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Not having a furnace that will melt ferrous materials or a crucible to hold it yet I tried an experiment with grain boundry carbide instead of dendritic carbide.

52100 bearing, massive grain structure induced and surface decarburizing done by throwing it into the forge while doing some forge-welding, then leaving it there to cool slowly.

Forged out at 820 Celsius.

Etching afterward showed a very fine grain pattern (as expected).

After etching I ground it clean again, and again heated up to 820 Celsius, held for 10 minutes. Once heated I hit it twice with the hammer, hammering two indentations into the piece. The premise I was operating on was that deformation of the carbide pattern should be clearly visible afterward (to ensure that what I was seeing is indeed carbide pattern and not some other peculiarity).

Quenched and ground the piece flat again, then polished and etched. The result was clearly evident.

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Jacob Christian has reacted to this post.
Jacob Christian

As an aside

I believe the end that etched dark would be the part that I held with the tongs during the hammering. It would (I expect) have cooled quickly enough to form some martensite. Interresting as well is the fact that it seems difficult to get a discernable pattern there.

Secondly, assessing the 2 hammer marks: It seems the pattern has been mostly removed there, this leads to two hypothesis:

1: I hit them rather hard, and know from experience that hitting solidly will produce localised heating of a piece. Possibly it heat up enough to dissolve carbides. This I deem possible, but unlikely.

2: The grains were broken very finely by the hammer blows, leading to there being very little left in terms of pattern, which leads to the question of why it shows a clean etch instead of a dark one at those points. Reading up on it a little it seems iron etches darkly (martensite included), however carbide etches bright, thus cementite laminates being visible as brighter areas under a microscope when looking at pearlite.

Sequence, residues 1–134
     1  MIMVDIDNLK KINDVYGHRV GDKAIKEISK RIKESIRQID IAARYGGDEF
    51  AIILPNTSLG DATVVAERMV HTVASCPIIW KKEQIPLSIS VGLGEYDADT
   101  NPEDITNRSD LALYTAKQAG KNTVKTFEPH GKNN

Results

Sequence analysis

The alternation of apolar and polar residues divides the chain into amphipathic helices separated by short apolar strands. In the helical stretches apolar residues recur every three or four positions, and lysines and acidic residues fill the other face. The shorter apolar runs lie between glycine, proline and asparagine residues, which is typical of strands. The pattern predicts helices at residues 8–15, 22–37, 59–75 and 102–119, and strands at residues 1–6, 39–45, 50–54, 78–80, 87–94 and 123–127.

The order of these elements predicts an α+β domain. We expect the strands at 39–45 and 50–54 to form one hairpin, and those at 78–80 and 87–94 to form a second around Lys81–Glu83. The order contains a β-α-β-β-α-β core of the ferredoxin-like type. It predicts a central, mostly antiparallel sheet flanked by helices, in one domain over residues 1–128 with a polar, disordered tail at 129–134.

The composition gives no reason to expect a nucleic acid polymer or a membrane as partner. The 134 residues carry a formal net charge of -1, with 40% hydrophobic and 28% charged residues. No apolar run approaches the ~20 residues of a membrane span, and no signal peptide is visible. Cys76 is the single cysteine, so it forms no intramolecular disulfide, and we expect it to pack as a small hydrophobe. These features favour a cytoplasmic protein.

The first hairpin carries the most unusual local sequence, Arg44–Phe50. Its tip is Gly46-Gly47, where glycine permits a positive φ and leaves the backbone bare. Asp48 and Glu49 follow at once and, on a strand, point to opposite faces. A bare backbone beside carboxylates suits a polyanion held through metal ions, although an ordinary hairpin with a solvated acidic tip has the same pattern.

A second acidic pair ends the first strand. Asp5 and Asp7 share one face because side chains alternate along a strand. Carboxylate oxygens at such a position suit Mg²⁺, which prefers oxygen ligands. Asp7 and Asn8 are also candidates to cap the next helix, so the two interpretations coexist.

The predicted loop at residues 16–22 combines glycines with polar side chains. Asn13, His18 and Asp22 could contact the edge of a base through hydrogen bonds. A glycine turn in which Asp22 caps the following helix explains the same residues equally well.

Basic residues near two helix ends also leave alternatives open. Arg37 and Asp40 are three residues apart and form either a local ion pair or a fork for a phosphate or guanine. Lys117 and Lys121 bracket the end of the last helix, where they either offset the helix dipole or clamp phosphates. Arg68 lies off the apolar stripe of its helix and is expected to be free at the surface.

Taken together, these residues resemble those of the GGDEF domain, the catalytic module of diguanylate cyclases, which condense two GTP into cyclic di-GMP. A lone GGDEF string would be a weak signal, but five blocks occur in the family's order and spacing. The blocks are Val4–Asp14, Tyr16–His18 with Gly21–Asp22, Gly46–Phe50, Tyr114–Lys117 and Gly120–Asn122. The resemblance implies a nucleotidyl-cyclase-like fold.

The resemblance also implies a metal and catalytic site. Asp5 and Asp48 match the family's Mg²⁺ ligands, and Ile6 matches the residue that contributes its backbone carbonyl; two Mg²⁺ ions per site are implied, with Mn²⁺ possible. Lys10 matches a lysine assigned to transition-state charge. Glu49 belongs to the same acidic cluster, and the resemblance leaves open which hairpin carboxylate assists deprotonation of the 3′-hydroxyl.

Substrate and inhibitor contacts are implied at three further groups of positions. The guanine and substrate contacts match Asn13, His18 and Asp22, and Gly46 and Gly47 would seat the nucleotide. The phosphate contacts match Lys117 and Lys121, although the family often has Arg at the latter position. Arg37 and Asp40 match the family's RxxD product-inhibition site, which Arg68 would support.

All in all a big success in my world. No wootz made obviously, but a successful experiment in for proof of concept for decarburizing , inducing a pattern, and pattern manipulation.

Jacob Christian has reacted to this post.
Jacob Christian

Very interesting indeed! You say that those two round spots are from hammer blows?

Raggedyman has reacted to this post.

Sorry for the extremely late reply, I have been trying to get my ducks in a row on building a furnace, crucibles, and some form of power hammer/press that could be used to hammer out an ingot.

Yes - the round spots were made by hammer blow - Although the images do not quite show that the surface is even and polished, it was before etching. Those are carbide distortions, not indentations, for which I was quite happy

On the use of Chromium steels to produce a wootz effect: I have recently read up Juha Perttula's description of how he made "wootz" with a decent pattern derived from dendritic formation after melting using Chromium instead of Vanadium (I attach one of his articles - I believe he would not mind as he provided them freely).

I was very surprised that this would work, as I expected the temperature for chromium carbides to dissolve would be too low to allow for them to survive the initial forging and shell-decarburising.

However he was kind enough to respond to requests for information on this, and in his response stated that

"Cr carbides dissolve easily, but Cr enhance carbide formation, and thus the first carbides nucleates Cr-rich segregation, and thereafter they grow during low temperature cycles. I used Cr because it effectively prevents graphite formation, which may be a problem with super high carbon steels. So, wootz making with Cr is easier than with V."

I am looking forward to trying this out (again, when I can get all my stuff sorted). Was thinking that adding a small amount of m390 (which is one of the steels available here in South Africa - our selection isn't as great as in the west) for chrome up until about 0.3 percent along with the vanadium could prove interresting.

The Chromium would also assist in hardenability while (hopefully) not contributing to pattern loss as Manganese would

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Jacob Christian

Oh, I also forgot to mention that one of the reasons I was considering this is that a melt might be easier, seeing as Chromium lowers the melting temperature for iron much the same as carbon does (although the amount would be minimal seeing as the chromium addition is very small, nut hey, every bit helps I guess)

Jacob Christian has reacted to this post.
Jacob Christian

Very interesting that you bring this up. I saw some work from another maker and he is using higher Cr levels (.07) with high V levels(.025). On the upcoming ingot I will be doing .07 Cr with around .012 V because like you say the V is difficult to dissolve which means that growing the carbides through Ostwald ripening is also very difficult. I have the watery effect down but now need to work on coarsening the carbides.

Oh jeez haha started reading the article you linked and yeah he is definitely using a HIGH amount of Cr!